Recipes: Buckwheat pasta with clams and broccoli rabe pesto

02/20/2013 12:00 AM

02/19/2013 4:00 PM

Prep time: 20 minutes

Cook time: 15 minutes, not including time to cook broccoli rabe for pesto

Serves 4

Garlic lovers will be thrilled with this dish; several cloves of it stand up nicely to the assertive tastes of the broccoli rabe and buckwheat noodles. Not a fan of garlic? Simply delete a clove or two (or more), and all will be well.

You'll have leftover broccoli rabe pesto, which can be used to sauce any kind of pasta.

Note: The recipe calls for vitamin C crystals, which are available from vitamin and natural-foods stores. They will help the pesto retain its nice green color.

Also, the broccoli rabe needs to be prepared ahead. Slice off and discard the bottom 1 1/2 inches or so from the bunch's tough stems. Cut the remainder of the bunch into 3-inch lengths; use 4 packed cups for this recipe (best to use a 1-quart container for measuring). Reserve any excess for another use. Cook the 4 cups of broccoli rabe pieces in a large pot of boiling salted water for 5 minutes, then plunge them into ice water, rinse and drain.

Recipe from chef Robert Wiedmaier of Wildwood Kitchen in Bethesda, Md.

INGREDIENTS

For the pesto:

1 quart blanched, chilled broccoli rabe (from a 1-pound bunch; see note above)

2 tablespoons capers (preferably salt-packed), rinsed and drained

4 cloves garlic, or to taste

1/2 teaspoon vitamin C crystals (optional; see note above)

4 anchovy fillets, rinsed and patted dry

1 tablespoon whole-grain mustard

1 tablespoon Dijon-style mustard

3/4 cup extra-virgin olive oil

Salt

Freshly ground black pepper

For the clams and pasta:

Salt

16 ounces dried buckwheat linguine or other thin buckwheat pasta

4 tablespoons olive oil

1/2 cup grated Parmigiano-Reggiano cheese, plus pared curls of the cheese for garnish

1/2 cup chanterelle mushrooms (stem bottoms trimmed), cut into 1-inch slices if large (may substitute cremini or oyster mushrooms)

3 cloves garlic, or to taste, minced

1 shallot, minced

Freshly ground black pepper

20 littleneck clams, scrubbed

1/2 cup bottled clam juice

1 scant teaspoon crushed red pepper flakes, or to taste

1 tablespoon chopped parsley, for garnish

INSTRUCTIONS

For the pesto:

Pulse the broccoli rabe in a food processor until it is finely chopped; transfer to a medium bowl.

Combine the capers, garlic, vitamin C crystals and anchovy fillets in the food processor. Pulse to achieve a medium-fine consistency, then add the mustards and pulse just to incorporate. Return the broccoli rabe to the food processor and gradually add the oil while pulsing to incorporate. Season with salt and pepper to taste. The yield is 2 cups; reserve 1 cup for this recipe. The remaining pesto can be frozen for up to 3 months.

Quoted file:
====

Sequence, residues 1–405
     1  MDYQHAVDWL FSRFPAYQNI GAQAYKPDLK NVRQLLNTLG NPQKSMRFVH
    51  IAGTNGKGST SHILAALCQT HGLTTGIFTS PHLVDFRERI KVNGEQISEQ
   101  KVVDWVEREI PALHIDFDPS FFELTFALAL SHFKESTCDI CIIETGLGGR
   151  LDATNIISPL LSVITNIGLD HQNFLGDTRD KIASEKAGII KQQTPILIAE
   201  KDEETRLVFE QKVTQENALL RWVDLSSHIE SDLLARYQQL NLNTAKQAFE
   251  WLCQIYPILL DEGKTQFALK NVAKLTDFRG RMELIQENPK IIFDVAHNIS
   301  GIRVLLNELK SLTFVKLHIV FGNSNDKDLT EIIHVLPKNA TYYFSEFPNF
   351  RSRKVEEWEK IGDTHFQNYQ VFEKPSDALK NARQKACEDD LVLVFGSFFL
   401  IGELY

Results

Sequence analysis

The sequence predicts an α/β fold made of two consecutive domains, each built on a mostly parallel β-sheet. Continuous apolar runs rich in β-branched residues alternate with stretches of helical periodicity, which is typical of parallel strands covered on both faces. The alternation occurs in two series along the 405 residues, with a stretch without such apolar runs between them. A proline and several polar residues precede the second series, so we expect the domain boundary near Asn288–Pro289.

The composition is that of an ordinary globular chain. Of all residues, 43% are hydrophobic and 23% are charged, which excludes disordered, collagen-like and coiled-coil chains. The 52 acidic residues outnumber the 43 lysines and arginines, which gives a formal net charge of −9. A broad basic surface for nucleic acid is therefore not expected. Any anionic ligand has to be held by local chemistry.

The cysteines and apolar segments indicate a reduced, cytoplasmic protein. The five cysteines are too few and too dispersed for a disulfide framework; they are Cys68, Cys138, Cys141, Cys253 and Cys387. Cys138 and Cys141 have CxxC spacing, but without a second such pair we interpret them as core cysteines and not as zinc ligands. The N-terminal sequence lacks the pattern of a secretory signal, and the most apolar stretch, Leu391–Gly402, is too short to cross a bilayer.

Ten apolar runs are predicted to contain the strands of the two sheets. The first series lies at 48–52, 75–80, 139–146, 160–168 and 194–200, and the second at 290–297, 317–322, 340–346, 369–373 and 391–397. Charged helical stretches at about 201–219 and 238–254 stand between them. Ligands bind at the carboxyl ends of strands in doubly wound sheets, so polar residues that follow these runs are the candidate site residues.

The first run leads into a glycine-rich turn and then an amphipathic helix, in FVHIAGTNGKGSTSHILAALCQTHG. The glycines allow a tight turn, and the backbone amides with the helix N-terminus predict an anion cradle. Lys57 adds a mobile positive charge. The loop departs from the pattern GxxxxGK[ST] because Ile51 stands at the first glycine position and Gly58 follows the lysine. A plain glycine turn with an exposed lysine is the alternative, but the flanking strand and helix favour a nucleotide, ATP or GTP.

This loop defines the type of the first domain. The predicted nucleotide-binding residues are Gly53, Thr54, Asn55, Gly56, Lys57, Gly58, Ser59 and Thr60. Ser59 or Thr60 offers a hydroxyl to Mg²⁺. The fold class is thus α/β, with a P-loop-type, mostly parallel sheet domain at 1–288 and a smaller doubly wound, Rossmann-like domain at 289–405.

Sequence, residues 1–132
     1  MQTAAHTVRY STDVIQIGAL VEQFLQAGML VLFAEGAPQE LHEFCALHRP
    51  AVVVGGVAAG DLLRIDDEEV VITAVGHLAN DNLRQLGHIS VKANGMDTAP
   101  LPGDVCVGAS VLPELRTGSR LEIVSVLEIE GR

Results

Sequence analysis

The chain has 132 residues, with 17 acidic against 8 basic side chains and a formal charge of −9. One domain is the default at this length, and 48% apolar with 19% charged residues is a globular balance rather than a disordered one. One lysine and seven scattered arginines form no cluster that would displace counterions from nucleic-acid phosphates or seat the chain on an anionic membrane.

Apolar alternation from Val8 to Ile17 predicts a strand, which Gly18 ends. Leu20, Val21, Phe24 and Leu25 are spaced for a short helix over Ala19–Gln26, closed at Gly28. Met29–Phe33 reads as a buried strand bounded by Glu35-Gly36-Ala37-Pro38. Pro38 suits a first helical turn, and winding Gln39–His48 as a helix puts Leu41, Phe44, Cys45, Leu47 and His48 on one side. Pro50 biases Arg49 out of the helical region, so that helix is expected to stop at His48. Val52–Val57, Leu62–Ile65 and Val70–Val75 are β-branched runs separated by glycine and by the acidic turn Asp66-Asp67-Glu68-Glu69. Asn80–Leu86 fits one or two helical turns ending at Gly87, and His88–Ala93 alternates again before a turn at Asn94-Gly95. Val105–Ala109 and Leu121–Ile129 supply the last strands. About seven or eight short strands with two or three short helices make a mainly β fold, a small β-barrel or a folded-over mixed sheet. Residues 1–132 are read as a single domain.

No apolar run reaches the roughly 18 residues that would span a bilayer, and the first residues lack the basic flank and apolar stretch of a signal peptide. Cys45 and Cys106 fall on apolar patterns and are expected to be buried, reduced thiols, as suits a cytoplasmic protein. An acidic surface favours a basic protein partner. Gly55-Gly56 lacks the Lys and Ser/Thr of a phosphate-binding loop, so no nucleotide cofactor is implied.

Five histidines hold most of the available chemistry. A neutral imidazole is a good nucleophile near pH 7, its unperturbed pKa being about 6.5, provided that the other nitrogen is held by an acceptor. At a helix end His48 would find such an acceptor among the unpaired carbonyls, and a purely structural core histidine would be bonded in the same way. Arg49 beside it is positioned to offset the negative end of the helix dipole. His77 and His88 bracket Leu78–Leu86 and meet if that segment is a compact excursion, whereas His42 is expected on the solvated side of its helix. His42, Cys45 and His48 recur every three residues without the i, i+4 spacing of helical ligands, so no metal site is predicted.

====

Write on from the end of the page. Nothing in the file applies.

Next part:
For the clams and pasta: Bring a large pot of salted water to a boil over medium-high heat. Add the pasta and cook until al dente; start checking after 4 minutes. Do not overcook, or the pasta will become mushy.

Drain in a colander, then return the pasta to the pot (off the heat) and stir in 2 tablespoons of the oil and the grated Parmigiano-Reggiano until evenly distributed. Cover to keep warm.

While the pasta is cooking, heat the remaining 2 tablespoons of oil in a large, heavy sauté pan or skillet over medium heat. Once the oil is hot, add the chanterelles, garlic and shallot; cook until the mushrooms' moisture has evaporated, stirring frequently so as not to burn the garlic. Season with salt and pepper to taste.

Add the clams, clam juice and crushed red pepper flakes; cover and cook just until the clams open. Remove from the heat and stir in the reserved cup of broccoli rabe pesto.

Divide the pasta among individual wide, shallow bowls or plates. Arrange 5 clams on each portion. Spoon the pan sauce over the clams and pasta; garnish with parsley and with the Parmigiano-Reggiano curls, if desired. Serve right away.

Per serving (using half the pesto): 840 calories, 29 g protein, 94 g carbohydrates, 40 g fat, 7 g saturated fat, 35 mg cholesterol, 740 mg sodium, 6 g dietary fiber, 5 g sugar.

Entertainment Videos

 

Join the Discussion

The Sacramento Bee is pleased to provide this opportunity to share information, experiences and observations about what's in the news. Some of the comments may be reprinted elsewhere on the site or in the newspaper. We encourage lively, open debate on the issues of the day, and ask that you refrain from profanity, hate speech, personal comments and remarks that are off point. Thank you for taking the time to offer your thoughts.

Terms of Service